Robin Daugherty


A Branching and Releasing Strategy That Fits GitHub Flow

Ever since I learned Git, I’ve tried to follow the successful Git branching model. After all, it’s better than trying to wing it. It’s well-written. It even has a diagram, full of color and arrows—very stylish.

However, I’ve found that it doesn’t fit perfectly with GitHub flow, where we use Pull Requests and Releases. I want our Git branching and merging to be simple, and have it work with our Github flow.

Pull Requests

We adopted Pull Requests, having each developer work in their own fork of the repo. This allows developers to create whatever branches they want without polluting the main fork of the repository.

Before this, we had dozens of branches sitting in the main repository that belonged to no one. Now, each developer manages their own branches and does not confuse project newcomers with a pile of old or incomplete branches.

Pull Requests include the ability to request a review from another developer, and even to enforce rules that require a review before a PR may be merged.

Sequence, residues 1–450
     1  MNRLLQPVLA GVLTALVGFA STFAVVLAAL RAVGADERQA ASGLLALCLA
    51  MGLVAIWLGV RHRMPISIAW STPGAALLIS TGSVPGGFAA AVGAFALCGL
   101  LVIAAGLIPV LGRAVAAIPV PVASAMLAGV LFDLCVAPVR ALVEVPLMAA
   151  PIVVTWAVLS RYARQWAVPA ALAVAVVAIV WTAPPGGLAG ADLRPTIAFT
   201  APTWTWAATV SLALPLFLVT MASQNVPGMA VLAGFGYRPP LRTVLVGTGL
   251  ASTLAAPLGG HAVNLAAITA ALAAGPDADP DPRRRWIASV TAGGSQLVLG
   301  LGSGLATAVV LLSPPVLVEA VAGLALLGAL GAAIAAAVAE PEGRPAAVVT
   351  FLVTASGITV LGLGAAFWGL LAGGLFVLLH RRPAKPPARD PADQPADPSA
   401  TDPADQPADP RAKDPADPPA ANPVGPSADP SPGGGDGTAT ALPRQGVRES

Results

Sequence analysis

GitHub Releases

We use GitHub Releases, and set our continuous deployment system to only deploy to production if we create a tag (like “v2.0.0”). When a release is created in GitHub, it creates that git tag pointing at the head of branch that you select.

Releases include documentation, which is usually a list of the PRs that have been merged.


Hotfixes require their own process. the idea is that you need to patch something that is already in production, and it needs to go out right away. If there’s a new feature sitting in the “master” branch but not yet cleared for release, we need a patch to go to production without that. (No pushing of untested new features!)

“Version bump”

One of the reasons we switched to Github Releases was to get a more meaningful version number in our Rails project.

(We use semantic versioning so that there’s a standard pattern to our releases.)